|– audio/pitch/time editor||– DirectWave Sampler||– DirectWave Full Sampler||– Harmor Additive / Subtractive / Image Synth|
|– DirectWave Sampler||– SoundFont Player||– Harmless Synthesizers, Hardcore Guitar FX and Fruity Video Player||– Morphine / Ogun / Poizone / Sakura / Sawer / Toxic Biohazard / Transistor Bass Synthesizers|
|– Slicex Beat Detection Sample Slicer||– Missing FX / Instruments / Plugins (No Gross Beat!)||– Pitch Shifter and Gross Beat||– Transient Processor FX Plugin|
|– SoundFont Player|
|– Missing 11 FX / Instruments / Plugins (No GrossBeat!)|
|Learn More and Get Latest Price||Learn More and Get Latest Price||Learn More and Get Latest Price||Learn More and Get Latest Price|
Native Instruments Maschine 2 MK3Maschine is the revolutionary beat production software from Native Instruments that combines the best of both worlds – hardware beat makers and software studio applications.
Just like FL Studio above, you’ve probably heard about this hardware + software combo. It was first created at a time when all software beat makers were mostly mouse + keyboard based. There was a huge population of producers who loved the feel of hardware and the ease of software. Native Instruments was the first to offer a really seamless solution.
- Cost: $259.00 – $649.00 USD
- 3 Different Models Available
- PC & Mac Compatible
- Maschine 2.0 Software Available Standalone (No Hardware)
- 16 Multi-Colored Drum Pads w/ Knobs
- Large Digital Display
- 25 GB of Sounds + 25 Pro Effects Bundled With Purchase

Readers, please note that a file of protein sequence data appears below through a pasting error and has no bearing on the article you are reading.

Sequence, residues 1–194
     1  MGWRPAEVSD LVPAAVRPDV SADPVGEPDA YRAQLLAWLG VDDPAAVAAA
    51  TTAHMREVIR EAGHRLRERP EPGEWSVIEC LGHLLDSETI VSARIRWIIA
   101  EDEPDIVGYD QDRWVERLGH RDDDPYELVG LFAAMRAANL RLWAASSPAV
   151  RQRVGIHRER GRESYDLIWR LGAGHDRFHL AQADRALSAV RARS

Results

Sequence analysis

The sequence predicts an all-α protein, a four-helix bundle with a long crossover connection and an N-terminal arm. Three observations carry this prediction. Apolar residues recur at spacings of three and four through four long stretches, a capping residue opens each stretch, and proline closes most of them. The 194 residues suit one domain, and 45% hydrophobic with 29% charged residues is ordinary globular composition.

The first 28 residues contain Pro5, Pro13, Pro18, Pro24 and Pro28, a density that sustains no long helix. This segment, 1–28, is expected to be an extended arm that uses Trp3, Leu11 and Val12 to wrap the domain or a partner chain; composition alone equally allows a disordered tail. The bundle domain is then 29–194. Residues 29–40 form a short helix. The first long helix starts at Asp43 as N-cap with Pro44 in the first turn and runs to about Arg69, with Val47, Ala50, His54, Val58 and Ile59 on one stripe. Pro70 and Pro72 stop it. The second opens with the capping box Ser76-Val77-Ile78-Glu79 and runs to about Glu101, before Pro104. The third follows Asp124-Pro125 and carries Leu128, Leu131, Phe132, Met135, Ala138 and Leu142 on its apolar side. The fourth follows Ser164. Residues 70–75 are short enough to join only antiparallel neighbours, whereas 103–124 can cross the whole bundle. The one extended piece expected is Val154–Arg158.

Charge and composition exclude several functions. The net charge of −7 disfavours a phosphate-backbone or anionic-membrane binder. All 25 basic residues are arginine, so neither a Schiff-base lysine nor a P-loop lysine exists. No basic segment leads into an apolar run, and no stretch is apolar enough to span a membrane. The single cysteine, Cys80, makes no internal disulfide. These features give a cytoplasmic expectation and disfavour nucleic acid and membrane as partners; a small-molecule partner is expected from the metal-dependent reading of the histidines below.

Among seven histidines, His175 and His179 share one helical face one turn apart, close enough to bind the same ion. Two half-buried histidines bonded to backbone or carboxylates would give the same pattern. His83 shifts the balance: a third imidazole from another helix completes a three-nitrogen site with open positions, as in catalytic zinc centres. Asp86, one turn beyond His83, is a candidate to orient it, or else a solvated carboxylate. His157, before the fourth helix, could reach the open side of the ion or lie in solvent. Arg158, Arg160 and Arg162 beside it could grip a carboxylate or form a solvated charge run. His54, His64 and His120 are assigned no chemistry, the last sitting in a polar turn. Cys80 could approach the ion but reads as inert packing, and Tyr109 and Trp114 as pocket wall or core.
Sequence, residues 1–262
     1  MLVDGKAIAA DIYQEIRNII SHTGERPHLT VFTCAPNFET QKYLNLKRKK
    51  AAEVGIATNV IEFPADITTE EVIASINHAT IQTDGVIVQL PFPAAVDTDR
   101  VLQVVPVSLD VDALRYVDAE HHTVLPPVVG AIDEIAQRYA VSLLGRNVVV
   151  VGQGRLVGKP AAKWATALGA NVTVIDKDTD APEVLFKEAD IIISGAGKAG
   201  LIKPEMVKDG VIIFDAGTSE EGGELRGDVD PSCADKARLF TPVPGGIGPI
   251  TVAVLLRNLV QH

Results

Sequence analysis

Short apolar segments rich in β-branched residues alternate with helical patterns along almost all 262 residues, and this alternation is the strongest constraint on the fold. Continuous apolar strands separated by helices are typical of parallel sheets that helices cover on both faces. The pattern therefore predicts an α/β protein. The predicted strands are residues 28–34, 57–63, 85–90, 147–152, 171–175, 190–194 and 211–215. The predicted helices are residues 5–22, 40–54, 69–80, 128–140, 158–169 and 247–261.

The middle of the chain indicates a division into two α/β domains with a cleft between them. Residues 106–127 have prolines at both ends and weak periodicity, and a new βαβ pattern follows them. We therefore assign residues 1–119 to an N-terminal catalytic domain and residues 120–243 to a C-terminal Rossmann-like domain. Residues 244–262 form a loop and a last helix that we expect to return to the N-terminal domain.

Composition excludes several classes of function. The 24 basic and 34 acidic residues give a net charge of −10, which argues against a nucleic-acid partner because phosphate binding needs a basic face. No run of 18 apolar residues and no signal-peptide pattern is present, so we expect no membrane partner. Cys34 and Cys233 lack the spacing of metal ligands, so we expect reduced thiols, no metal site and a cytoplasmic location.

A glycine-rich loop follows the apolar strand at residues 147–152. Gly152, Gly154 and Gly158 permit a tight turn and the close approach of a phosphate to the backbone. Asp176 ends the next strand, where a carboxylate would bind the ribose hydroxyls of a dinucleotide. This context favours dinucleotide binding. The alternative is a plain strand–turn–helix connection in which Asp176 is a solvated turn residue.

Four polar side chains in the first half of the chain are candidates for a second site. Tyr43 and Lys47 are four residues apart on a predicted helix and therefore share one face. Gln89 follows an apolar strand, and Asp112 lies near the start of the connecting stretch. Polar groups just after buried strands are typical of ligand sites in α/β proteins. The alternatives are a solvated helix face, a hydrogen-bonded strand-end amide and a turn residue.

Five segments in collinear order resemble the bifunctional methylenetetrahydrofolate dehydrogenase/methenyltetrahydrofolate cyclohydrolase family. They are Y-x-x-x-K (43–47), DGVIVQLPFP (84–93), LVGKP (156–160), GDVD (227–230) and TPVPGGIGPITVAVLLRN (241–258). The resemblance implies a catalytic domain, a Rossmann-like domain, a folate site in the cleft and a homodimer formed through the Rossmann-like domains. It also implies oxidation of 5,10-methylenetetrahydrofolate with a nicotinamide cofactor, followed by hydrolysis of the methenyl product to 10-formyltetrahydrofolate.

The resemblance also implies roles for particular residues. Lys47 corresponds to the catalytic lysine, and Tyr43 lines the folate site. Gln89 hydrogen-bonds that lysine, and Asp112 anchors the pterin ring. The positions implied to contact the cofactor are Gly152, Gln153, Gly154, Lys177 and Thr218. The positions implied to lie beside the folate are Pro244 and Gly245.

- Seamless Hands-On Control of Every Software Function via Hardware Controller
- Drag-And-Drop Export of Audio to WAV or Track Out Each Instrument Separately
- Full VST Instrument and FX Support
- Hands-On Automation Writing/Control
- Keyboard Mode, Arpeggiator Control and Note-Repeat
- Unlimited Number of Instrument Groups, Patterns/Tracks, Scenes
- Sampling + Audio/MIDI Import
- Flagship MK3 Edition Includes Audio Interface for Recording
- Pro-grade, 96 kHz / 24-bit audio interface in Flagship MK3 Edition
- 2 x 1/4” TRS line outputs, 2 x 1/4” TRS line inputs, 1/4” dynamic mic input, stereo headphone output, 1 x MIDI In, 1 x MIDI out; 1 x Footswitch
- Smart Strip for strumming notes, pitch bending sounds, performing with FX, and more
- New extra large full-color LED screens
- Bigger Pads and Updated Look to Controllers (Except Maschine Studio Edition)
- Includes Komplete Select Instruments and Effects
Who Should Use It?
It doesn’t matter what style of music you make, it can all be done on NI Maschine – but like other “beat makers” it’s mostly for making electronic based music and not recording vocals and instruments. If you love to make music on your computer but wish you could use hardware to bang out your drums, and play your synths and samples – this is for you.
The software is robust enough that you can also click in (i.e. program in) notes, but it’s main function is to let you “play” your music. If you make sample-based hip-hop music (or if you sample at all) Maschine is one of your best choices.
Even if you currently use a hardware controller like the Akai MPD series of the drum pads from M-Audio hardware, Maschine will take your production game to the next level.
- Seamless integration between hardware and software – no mapping different parameters
- Hands-on hardware control of transport controls, instruments and almost every parameter
- Plug-and-play functionality and full integration with Komplete instruments
- Easily export patterns to DAW with drag-and-drop
- Tons of high quality expansion sound packs available
- Super fast workflow with minimal keyboard + mouse use needed
- Works standalone or as a VST plugin in any other DAW
Who Shouldn’t Use It?
If you don’t want to tap our drum beats or melodic/rhythmic patterns with your hands and prefer the mouse and keyboard approach, then stick to FL Studio or maybe even Reason. Also, if you’ve already been using a specific midi hardware controller (like the Akai MPD, etc) and are used to it then you might not want to switch to Maschine (but I still think it’d be worth the switch).